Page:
67: Buckaroos and Buckarettes

67: Buckaroos and Buckarettes

From Chicken Soup for the Soul: Here Comes the Bride

Buckaroos and Buckarettes

Budget: a mathematical confirmation of your suspicions.

~A.A. Latimer

My only daughter, Alyssa, was getting married in July, and planned a garden ceremony at a lovely ranch just outside town. Like a lot of modern brides, she was counting every penny while stewing over every detail, including the fact that I couldn’t seem to find a suitable mother-of-the-bride outfit. But she was most upset by one of the more odious expenses she faced: providing sanitation facilities for the guests.

We found several companies in our town that specialize in portable restrooms. With company names ranging from the obvious Port-a-Potty, to the ridiculous — Honey Bucket or Royal Flush — we decided to hire Buck’s, known around our area as the “go-to” place.

Until then, I thought only construction crews or outdoor concerts utilized these modern-day outhouses, but no. Lots of brides-to-be rented them for the big day. The clerk at Buck’s kept a straight face as she ran through the different rental packages. For the 100 guests Alyssa planned to invite, we’d need at least two units. “We have rentals,” she said, “in white instead of brown.” She paused. “You know, to look more formal.” A formal outhouse?

“Maybe we can hang signs on them, too?” I said.

The clerk didn’t miss a beat. “Oh, yes, you have your choice of Madames or Hommes, Guys and Gals, or our favorite, Buckaroos and Buckarettes. With color-coordinated ribbons to tie on the door handle.”

“How about air fresheners shaped like wedding bells?” I grinned. Alyssa and the clerk glared.

I saw nothing wrong with a bit of bathroom humor, but by the time we left, Alyssa was upset.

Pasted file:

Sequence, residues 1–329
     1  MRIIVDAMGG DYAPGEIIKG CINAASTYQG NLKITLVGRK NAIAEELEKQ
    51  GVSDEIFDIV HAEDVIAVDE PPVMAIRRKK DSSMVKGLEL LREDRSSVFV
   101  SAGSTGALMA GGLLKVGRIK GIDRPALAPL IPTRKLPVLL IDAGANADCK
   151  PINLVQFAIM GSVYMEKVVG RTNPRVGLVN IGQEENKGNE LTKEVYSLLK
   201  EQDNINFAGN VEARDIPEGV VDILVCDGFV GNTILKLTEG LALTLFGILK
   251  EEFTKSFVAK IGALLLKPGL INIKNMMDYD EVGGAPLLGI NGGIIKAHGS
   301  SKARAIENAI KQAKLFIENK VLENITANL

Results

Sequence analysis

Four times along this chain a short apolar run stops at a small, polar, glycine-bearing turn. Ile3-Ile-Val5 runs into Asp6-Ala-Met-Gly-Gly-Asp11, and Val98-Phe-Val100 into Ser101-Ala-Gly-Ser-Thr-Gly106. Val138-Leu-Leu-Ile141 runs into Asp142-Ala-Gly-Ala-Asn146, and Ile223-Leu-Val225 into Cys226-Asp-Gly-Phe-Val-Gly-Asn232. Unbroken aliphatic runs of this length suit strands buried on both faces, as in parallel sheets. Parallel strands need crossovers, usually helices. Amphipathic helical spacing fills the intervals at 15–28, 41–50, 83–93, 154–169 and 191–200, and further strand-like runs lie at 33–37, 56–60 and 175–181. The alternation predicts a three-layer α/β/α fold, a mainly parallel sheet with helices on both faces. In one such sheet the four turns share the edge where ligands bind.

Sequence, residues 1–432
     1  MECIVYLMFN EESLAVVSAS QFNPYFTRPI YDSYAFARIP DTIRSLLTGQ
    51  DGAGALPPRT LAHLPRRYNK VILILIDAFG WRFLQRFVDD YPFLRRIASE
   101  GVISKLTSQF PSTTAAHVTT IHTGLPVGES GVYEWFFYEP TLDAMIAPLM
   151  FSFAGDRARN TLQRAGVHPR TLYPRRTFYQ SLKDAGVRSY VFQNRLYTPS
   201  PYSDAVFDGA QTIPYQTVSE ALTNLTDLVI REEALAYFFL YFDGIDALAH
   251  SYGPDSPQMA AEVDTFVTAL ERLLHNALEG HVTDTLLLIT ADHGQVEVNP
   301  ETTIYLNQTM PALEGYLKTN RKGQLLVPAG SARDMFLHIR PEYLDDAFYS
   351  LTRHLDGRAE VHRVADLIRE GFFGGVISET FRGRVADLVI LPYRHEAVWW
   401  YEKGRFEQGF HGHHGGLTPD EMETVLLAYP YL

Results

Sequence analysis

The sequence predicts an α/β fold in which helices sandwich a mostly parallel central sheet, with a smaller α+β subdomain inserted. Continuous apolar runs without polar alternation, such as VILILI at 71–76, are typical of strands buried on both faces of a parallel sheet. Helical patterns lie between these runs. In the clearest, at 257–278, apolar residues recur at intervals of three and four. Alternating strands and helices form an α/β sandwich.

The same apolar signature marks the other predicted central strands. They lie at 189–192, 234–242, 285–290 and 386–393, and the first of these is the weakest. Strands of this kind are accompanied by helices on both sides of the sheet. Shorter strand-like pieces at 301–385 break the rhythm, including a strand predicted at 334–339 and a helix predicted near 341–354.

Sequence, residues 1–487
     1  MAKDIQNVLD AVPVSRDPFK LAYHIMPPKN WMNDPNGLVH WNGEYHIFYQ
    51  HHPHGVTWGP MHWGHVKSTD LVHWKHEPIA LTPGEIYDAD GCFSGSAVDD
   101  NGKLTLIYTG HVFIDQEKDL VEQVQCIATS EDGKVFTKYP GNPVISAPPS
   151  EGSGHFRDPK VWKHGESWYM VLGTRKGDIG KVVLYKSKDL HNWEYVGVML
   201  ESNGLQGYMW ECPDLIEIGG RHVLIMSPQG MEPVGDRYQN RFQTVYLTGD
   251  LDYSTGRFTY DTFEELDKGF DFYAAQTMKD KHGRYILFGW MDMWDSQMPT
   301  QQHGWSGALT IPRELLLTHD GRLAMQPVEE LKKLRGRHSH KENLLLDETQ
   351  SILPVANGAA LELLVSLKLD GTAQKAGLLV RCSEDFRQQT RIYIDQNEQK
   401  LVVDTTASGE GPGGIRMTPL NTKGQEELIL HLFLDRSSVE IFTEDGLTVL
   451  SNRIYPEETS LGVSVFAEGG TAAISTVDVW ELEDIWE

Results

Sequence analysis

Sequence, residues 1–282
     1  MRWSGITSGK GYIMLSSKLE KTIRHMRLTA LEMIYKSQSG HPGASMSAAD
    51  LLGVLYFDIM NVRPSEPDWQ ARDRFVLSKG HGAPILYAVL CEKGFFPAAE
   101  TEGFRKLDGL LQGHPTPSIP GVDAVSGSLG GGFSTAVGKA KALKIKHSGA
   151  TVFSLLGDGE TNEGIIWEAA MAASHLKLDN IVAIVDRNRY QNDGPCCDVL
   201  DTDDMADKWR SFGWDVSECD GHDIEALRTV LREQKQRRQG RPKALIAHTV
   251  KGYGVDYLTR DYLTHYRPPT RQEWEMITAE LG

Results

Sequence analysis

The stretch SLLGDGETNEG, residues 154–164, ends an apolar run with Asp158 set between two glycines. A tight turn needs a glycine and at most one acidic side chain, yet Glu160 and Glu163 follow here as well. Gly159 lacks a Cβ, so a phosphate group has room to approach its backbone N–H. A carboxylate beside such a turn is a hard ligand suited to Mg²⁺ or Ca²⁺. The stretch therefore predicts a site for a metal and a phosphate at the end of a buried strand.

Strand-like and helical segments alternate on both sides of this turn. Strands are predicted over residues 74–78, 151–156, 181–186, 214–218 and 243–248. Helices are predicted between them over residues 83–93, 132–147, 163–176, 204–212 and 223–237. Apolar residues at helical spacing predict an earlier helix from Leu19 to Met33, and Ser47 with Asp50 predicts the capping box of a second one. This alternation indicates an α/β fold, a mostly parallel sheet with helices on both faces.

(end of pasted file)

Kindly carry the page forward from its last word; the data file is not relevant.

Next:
Getting upset is what brides-to-be do, right? As July neared, Alyssa’s nerves grew more frayed.

“Mom,” she said one day, “I just heard from Uncle Fred in California. He’s bringing his new wife and all ten of their kids.” If the guest list grew any longer, we’d need three Bucks instead of two.

More of her plans unraveled faster than a roll of Charmin on a downhill slope. One family member refused to attend if alcohol was served, and another refused to come if alcohol wasn’t served. The lilies we were growing ourselves were threatened by a late-season hailstorm. My daughter worried about everything from where on the ranch Aunt Millie might grab a quick smoke to whether the bridesmaids would fit into their dresses. One minute my normally sweet daughter hated everything and everyone, the next she dissolved into tears. I began to understand why the term “Bridezilla” was coined.

I finally found a simple frock that complemented her colors of dusky pink, aqua and black, but by then Alyssa had transformed from a reasonable twenty-five-year-old to a creature who could give the Bride of Frankenstein a run for the money. And money was part of the reason why she was freaking out. There wasn’t enough.

Finally, the couple sat down with calculators and agreed. Their budget was clogged with way too many guests. They might never stop arguing about whether the toilet seat should be left up or down, but they concurred about the wedding. To avoid going into debt, the guest list had to be cut in half.

To their great relief, some invitees, including Uncle Fred and company, decided they couldn’t make the trip after all. By the time the number of guests had been reduced to about sixty, Alyssa and Ryan realized that another substantial savings stared them in the face. A smaller crowd, even one plied with beer and wine, could get by with only one portable toilet.

One day before the big event, Buck’s delivered one of its special white wedding “units” to the ranch. The couple nixed my “wedding bell air freshener” idea, but they hung several pine tree car fresheners inside and positioned the white facility around the corner from the main reception. To add some color, they tied aqua and pink ribbons on the door handle. Since the bride and groom were country/western fans, they hung a sign that read “Guys” across the top and “Gals” underneath.

On her wedding day, my beautiful daughter made a gorgeous bride. Since the drinkers had won out over the nondrinkers, beer and wine flowed at the reception. Everyone agreed that my daughter and new son-in-law had done a great job on a shoestring budget, and nobody complained about having to wait to use the facilities. Lucky for them, the Buck stopped here.

~Linda S. Clare

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